As comprehensive, thorough and thoughtful your response is, you do not take two things into consideration:  one, you do not consider that Ray's has 45 seats while other restaurants with similar cuisine that you compare Ray's to typically seat 125-250;  two, if the peak time slots with no time constraints are reserved one to two months in advance, how is that a result of my "policy" or something that I should be expected to be criticized for?

Everyone has a choice.  I would never criticize anyone for their choice to frequent other establishments, or hesitate to encourage that rather than disappoint them with what I do.

--Michael

I'll be damned if all this doesn't sound familiar.

"I'm going to Wichita

Far from the opera for evermore

I'm gonna work the straw

make the sweat drip out of every pore

And I'm bleeding, and I'm bleeding, and I'm bleeding

Right before the Lord"

WHITE STRIPES

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Joe--

As comprehensive, thorough and thoughtful your response is, you do not take two things into consideration:  one, you do not consider that Ray's has 45 seats while other restaurants with similar cuisine that you compare Ray's to typically seat 125-250;  two, if the peak time slots with no time constraints are reserved one to two months in advance, how is that a result of my "policy" or something that I should be expected to be criticized for?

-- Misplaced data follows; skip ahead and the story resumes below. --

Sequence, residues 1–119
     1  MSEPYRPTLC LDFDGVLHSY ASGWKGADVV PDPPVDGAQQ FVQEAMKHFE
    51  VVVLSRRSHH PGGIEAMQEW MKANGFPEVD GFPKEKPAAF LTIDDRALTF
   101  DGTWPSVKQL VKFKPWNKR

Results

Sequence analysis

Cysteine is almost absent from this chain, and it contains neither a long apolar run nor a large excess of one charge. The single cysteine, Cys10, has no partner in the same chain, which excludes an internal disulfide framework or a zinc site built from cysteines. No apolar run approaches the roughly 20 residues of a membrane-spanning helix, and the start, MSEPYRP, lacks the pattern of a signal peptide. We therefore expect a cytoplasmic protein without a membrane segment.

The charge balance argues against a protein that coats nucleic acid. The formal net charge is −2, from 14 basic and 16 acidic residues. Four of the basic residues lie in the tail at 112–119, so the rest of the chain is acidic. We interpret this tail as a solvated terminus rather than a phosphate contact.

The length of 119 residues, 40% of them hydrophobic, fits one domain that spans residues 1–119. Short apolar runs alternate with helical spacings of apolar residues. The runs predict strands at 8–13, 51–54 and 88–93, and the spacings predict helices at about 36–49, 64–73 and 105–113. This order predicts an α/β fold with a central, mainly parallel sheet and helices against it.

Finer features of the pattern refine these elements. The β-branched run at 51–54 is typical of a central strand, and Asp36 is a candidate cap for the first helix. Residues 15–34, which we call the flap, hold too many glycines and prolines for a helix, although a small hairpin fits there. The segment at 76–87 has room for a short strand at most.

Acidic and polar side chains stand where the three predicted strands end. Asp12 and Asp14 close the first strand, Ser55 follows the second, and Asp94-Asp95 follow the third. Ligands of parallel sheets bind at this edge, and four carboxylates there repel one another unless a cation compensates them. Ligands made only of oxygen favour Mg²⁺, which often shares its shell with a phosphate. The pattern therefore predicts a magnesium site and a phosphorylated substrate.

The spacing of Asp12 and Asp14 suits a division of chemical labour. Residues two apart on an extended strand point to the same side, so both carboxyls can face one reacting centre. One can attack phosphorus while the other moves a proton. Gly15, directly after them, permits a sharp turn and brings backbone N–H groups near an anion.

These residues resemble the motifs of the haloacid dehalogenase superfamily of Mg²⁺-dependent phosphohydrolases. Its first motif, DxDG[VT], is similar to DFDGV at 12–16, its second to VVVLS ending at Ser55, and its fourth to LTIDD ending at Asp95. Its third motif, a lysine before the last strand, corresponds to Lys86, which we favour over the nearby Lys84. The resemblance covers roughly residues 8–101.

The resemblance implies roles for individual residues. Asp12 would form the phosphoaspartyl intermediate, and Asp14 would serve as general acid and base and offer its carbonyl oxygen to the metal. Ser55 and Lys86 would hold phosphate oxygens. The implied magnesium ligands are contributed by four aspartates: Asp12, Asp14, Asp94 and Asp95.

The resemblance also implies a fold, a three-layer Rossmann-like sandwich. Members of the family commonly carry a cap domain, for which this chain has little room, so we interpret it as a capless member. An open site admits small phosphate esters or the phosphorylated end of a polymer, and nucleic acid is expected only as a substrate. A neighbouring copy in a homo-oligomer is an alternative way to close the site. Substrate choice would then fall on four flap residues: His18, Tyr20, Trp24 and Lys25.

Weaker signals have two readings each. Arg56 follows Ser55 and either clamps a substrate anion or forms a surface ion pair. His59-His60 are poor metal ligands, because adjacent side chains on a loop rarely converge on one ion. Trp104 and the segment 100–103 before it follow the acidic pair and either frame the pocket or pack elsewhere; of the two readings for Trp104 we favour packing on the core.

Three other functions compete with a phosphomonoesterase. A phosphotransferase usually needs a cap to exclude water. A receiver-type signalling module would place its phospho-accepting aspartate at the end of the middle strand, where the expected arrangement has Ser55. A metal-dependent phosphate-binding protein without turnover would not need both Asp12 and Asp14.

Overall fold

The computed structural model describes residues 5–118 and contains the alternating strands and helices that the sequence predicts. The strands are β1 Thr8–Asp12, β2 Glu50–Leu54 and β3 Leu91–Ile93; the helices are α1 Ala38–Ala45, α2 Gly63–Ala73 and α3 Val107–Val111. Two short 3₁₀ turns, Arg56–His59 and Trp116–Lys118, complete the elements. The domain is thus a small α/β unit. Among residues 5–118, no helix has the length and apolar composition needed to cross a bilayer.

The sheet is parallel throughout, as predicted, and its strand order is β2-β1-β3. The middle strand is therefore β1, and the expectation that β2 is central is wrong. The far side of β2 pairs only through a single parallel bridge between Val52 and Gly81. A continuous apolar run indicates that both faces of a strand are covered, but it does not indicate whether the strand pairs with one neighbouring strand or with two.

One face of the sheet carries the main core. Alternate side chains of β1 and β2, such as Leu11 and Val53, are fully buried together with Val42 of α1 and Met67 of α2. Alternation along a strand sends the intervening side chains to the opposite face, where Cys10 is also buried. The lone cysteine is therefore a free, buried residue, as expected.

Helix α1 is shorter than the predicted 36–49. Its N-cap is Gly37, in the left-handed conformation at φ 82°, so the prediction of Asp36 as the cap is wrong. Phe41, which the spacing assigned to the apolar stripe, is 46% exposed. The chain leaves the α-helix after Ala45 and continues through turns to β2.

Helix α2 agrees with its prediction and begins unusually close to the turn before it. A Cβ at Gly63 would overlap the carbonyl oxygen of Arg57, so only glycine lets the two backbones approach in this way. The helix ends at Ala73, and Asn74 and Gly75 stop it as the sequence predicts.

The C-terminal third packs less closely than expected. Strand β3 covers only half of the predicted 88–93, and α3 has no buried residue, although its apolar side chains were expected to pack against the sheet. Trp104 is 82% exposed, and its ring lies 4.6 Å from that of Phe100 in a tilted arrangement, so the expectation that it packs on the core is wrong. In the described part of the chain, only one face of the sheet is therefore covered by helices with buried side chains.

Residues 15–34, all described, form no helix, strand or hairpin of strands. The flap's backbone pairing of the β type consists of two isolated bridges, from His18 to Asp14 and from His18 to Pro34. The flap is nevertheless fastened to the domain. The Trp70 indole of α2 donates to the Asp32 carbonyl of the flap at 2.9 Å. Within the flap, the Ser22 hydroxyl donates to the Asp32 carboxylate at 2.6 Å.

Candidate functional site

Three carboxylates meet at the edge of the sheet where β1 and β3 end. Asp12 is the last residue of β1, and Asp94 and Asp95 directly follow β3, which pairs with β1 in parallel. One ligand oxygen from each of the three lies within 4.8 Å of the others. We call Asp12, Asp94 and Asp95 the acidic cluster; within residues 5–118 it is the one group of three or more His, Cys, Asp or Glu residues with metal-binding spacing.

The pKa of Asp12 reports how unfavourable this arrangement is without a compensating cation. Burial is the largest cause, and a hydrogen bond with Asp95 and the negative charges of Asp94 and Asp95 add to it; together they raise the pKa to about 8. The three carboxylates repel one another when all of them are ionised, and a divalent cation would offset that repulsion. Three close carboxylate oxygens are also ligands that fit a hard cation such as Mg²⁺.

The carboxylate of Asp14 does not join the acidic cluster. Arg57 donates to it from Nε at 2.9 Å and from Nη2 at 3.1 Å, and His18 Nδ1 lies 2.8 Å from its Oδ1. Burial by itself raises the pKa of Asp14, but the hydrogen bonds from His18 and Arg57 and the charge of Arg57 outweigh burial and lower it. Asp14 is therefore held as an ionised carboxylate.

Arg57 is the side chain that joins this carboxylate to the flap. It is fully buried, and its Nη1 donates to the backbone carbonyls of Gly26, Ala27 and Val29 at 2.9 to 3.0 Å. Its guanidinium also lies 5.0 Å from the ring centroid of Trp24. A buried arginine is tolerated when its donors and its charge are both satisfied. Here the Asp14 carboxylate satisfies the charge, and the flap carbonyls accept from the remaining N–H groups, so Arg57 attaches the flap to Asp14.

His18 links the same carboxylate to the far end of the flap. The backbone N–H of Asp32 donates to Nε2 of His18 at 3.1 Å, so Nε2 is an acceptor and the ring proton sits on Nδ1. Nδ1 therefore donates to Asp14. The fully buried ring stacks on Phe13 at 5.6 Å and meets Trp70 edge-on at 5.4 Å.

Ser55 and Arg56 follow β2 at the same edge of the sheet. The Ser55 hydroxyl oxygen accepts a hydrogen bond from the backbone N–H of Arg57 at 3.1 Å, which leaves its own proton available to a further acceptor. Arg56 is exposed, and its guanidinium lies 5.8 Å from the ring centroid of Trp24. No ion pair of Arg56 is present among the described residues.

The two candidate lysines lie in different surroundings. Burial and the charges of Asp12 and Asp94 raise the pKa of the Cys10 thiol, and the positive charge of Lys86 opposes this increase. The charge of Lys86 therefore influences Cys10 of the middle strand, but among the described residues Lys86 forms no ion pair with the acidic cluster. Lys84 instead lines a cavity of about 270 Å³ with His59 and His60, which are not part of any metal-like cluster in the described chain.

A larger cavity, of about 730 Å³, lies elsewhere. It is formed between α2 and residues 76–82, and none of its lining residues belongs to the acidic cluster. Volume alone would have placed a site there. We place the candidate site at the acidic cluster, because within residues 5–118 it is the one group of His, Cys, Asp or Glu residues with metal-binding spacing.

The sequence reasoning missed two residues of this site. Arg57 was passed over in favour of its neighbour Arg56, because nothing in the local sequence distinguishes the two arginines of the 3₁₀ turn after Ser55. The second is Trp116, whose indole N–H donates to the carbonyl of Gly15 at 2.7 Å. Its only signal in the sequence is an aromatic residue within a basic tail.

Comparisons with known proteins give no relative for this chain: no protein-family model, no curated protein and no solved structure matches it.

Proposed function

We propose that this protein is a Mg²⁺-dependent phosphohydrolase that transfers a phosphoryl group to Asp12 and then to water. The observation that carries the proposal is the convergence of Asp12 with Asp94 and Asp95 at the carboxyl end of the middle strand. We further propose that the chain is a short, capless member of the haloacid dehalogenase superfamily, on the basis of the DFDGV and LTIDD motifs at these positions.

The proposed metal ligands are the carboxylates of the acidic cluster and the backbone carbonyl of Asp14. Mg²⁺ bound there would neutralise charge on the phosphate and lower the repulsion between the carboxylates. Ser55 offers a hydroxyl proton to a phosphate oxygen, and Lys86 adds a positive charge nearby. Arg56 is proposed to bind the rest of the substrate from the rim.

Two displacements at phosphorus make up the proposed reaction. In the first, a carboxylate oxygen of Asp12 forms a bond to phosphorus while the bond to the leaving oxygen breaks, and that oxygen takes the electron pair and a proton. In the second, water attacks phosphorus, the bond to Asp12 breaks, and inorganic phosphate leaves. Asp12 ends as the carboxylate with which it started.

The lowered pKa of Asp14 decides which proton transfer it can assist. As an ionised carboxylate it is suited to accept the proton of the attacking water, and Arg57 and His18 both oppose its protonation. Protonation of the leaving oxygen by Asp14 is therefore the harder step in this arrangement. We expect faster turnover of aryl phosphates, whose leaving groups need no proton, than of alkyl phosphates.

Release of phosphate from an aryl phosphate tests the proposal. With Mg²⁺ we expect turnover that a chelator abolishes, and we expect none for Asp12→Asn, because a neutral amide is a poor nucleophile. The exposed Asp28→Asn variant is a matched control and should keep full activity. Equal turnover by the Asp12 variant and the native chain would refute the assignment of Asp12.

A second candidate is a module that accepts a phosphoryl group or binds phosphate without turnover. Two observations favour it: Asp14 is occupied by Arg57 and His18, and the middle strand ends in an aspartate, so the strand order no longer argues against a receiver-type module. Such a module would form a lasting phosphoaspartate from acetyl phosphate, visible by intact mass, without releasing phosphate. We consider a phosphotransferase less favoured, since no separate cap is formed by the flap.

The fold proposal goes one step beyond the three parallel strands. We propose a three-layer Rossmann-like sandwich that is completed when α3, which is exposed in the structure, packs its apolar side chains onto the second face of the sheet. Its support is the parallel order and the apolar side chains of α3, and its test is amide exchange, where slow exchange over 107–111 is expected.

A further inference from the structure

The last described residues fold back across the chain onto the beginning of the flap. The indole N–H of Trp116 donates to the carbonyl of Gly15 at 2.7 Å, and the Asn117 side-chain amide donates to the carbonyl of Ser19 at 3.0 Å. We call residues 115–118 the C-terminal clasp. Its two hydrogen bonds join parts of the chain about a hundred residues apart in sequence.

Everyone has a choice.  I would never criticize anyone for their choice to frequent other establishments, or hesitate to encourage that rather than disappoint them with what I do.

--Michael

The problem, Michael, is that EVERY reservation you make for 6 or 6:30 is told that they must be out within 90 minutes. You prioritize those who come later and allow them to stay as long as they want. Why shouldn't SOME of the earlier tables be allowed to stay longer? You've established a two tiered system where early reservations mandate a time limit and later do not. But some people, such as myself, want to come early. Do you turn over a party of six or eight who come early in 90 minutes also? I cannot imagine going to your restuarant with five others and finishing our dinner in 90 minutes. A larger group, by definition, just takes longer. All I am suggesting is that by having EVERY earlier reservation limited to 90 minutes you create situations where some dinners do not like this type of restriction.

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Joe: